American Sexual
Health Association

Supreme Court Leaves Mifepristone Rules Alone—For Now

A person holds a pill in one hand and a glass of water in the other

The U.S. Supreme Court overruled a lower court decision that would have made mifepristone harder to get even in states where abortion remains legal. This decision is good news for women and providers. However, it doesn’t mean the court is softening its stance on abortion rights.

Challenging Access to Medication Abortion

The case in question was brought by the Alliance for Hippocratic Medicine, a loose affiliation of anti-abortion doctors who sued the FDA. The group wanted mifepristone, one of two prescription drugs used in medication abortion, to be taken off the market. It argued that the FDA’s initial approval of the medication (over 20 years ago) did not properly consider the risks of the medication.

This argument is bogus. Mifepristone has been proven to be safer than many medications on the market including Viagra and Tylenol. In fact, two of the studies cited in the group’s briefs have since been retracted by the publisher.

If it couldn’t get that, the group wanted the courts to roll back rules put in place by the Biden administration that made it easier to get mifepristone. The new rules allowed more pharmacies to carry the drug, permitted mail-order prescriptions, and allowed the drug to be used up to 10 weeks of pregnancy. (Previously it had only been approved up through seven weeks).

Making the Way Through the Courts

The case was first heard by Texas Judge Matthew Kacsmaryk, a Trump appointee who is known to be friendly to conservative groups. He agreed that the FDA’s approval of mifepristone should be overturned. He also said that allowing people to get mail-order mifepristone violated the Comstock Act of 1873. That archaic legislation forbids people from sending “obscene” material through the mail. It was used to prevent people from accessing porn, contraception, and abortion. It remains on the books, but hasn’t been enforced in decades in part because of Supreme Court decisions like Roe v. Wade.

The case was immediately appealed to the conservative Fifth Circuit Court of Appeals. That court ruled that it was too late to overturn the FDA’s approval of mifepristone, but agreed that the newer rules were fair game. Notably, they agreed that allowing the medication to be sent through the mail violated the Comstock Act.

The Supreme Court took the case, but its decision didn’t really deal with any of these issues. Instead, the court ruled that the Alliance for Hippocratic Medicine did not have standing to sue. In order to sue in federal court, plaintiffs must show they’ve been injured by a law or that they will soon be injured by the law. The group argued that their anti-abortion members would be harmed if they had to treat a patient who took mifepristone for an abortion and was having complications. The group acknowledged that this hadn’t happened yet (despite 20 years of use). Still, they believed they had the right to sue because it might happen in the future. The Supreme Court didn’t buy it.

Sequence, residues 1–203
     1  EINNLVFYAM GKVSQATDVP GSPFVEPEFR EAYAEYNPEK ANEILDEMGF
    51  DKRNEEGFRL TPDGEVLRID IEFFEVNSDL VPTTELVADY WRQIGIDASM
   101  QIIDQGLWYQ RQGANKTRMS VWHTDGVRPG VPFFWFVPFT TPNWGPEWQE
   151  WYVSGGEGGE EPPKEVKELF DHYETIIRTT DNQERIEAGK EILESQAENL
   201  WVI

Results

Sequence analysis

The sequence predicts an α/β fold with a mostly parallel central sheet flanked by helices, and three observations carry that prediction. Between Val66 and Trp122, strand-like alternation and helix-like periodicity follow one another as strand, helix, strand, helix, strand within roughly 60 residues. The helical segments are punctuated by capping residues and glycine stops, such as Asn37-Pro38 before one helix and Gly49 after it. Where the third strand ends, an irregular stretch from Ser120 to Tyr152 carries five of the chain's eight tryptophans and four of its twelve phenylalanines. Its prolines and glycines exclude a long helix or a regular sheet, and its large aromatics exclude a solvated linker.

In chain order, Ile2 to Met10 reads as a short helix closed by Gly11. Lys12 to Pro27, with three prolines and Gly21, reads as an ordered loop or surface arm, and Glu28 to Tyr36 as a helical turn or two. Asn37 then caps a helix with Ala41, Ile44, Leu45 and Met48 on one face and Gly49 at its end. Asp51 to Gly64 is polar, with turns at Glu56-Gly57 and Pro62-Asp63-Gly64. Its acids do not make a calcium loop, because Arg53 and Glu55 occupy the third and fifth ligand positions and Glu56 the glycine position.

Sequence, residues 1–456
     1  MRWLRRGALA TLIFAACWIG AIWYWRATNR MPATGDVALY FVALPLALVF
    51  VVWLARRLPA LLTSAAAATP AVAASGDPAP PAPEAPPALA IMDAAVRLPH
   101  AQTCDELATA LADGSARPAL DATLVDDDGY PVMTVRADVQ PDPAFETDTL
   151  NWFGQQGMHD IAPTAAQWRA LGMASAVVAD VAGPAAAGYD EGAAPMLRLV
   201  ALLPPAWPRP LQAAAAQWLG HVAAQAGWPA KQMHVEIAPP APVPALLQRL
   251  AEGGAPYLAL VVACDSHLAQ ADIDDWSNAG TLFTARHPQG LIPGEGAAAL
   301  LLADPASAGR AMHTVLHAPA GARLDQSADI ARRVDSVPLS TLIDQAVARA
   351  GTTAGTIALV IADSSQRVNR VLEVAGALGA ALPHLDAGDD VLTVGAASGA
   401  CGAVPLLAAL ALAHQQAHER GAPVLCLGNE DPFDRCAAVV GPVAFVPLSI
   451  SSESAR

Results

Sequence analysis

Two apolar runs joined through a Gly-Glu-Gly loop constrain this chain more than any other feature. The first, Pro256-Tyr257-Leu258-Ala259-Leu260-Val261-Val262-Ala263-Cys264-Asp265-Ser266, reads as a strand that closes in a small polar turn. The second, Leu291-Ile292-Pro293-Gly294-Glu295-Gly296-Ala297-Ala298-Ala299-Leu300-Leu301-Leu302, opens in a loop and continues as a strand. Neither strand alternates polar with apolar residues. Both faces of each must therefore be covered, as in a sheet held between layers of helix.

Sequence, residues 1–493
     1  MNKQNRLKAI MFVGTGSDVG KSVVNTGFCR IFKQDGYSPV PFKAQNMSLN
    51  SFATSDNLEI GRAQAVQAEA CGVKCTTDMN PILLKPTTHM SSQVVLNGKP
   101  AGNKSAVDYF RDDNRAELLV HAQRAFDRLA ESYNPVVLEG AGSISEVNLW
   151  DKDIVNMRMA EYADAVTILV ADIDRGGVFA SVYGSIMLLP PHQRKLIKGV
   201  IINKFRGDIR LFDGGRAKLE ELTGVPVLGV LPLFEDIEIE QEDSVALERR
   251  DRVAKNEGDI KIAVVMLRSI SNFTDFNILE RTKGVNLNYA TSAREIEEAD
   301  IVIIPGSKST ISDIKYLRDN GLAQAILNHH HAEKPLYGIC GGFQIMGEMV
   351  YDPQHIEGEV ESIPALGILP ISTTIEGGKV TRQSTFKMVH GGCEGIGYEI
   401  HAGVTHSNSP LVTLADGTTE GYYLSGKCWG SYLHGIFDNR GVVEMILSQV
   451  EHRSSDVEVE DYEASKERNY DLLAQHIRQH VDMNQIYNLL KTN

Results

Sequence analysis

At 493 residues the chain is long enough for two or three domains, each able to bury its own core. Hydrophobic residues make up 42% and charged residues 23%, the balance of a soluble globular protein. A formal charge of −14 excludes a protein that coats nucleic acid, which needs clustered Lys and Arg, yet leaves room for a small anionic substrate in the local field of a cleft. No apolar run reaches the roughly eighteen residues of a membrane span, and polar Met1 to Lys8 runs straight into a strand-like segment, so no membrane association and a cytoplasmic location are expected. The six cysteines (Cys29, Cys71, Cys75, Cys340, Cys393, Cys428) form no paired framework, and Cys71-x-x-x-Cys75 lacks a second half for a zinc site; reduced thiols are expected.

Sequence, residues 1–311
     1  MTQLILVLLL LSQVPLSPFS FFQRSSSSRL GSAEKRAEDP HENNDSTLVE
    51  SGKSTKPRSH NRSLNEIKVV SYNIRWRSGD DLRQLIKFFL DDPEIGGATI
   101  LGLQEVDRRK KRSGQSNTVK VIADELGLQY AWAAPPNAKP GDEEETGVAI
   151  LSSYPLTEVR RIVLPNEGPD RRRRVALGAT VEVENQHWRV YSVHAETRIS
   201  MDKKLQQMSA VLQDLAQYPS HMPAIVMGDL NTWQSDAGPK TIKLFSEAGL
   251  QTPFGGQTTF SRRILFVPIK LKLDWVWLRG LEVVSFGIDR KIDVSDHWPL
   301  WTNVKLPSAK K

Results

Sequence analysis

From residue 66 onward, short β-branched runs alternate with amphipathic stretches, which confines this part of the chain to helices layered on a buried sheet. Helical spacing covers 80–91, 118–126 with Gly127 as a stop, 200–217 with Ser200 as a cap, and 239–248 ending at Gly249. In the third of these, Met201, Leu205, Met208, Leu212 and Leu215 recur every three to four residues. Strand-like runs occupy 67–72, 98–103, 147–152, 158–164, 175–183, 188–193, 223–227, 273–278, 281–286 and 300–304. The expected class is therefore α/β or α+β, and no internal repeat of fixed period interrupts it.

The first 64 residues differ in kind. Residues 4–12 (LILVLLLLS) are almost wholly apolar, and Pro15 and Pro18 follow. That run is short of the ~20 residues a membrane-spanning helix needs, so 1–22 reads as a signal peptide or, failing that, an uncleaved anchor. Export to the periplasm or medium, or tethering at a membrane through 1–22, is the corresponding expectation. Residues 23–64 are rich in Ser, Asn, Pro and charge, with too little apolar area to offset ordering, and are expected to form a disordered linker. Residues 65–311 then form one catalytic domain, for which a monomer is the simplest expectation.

Writing for the majority, Justice Brett Kavanaugh said, “…but citizens and doctors do not have standing to sue simply because others are allowed to engage in certain activities – at least without the plaintiffs demonstrating how they would be injured by the government’s alleged under-regulation of others.” Kavanaugh also stressed that the doctors in this case are already protected by federal conscience clauses. These allow health care providers to opt out of treatments that go against their religious beliefs.

The Case Isn’t Closed—Future Challenges Remain

This decision temporarily protects the rules around mifepristone, but the case isn’t entirely dead. Kacsmaryk granted Idaho, Oklahoma, and Missouri permission to intervene in the case, and they could try to revive it in his court. States have been found to have standing in abortion cases. It is also possible that the conservative groups who organized this case will find a new plaintiff and bring a similar suit.

Again, nothing about this decision should be considered a victory for abortion rights. The court decision didn’t touch on the Comstock reasoning Kacsmaryk used in his original decision. Reviving Comstock could be the basis for a national abortion ban or bans on contraceptives. The court also didn’t acknowledge that mifepristone has been found to be very safe.

Instead, Kavanaugh’s decision focused on the federal conscience clause. Some legal experts believe he was trying to bolster an upcoming abortion decision that centers on the Emergency Medical Treatment and Labor Act. That case will consider whether doctors have an obligation to treat emergency situations regardless of state abortion laws. That decision should be handed down any day.

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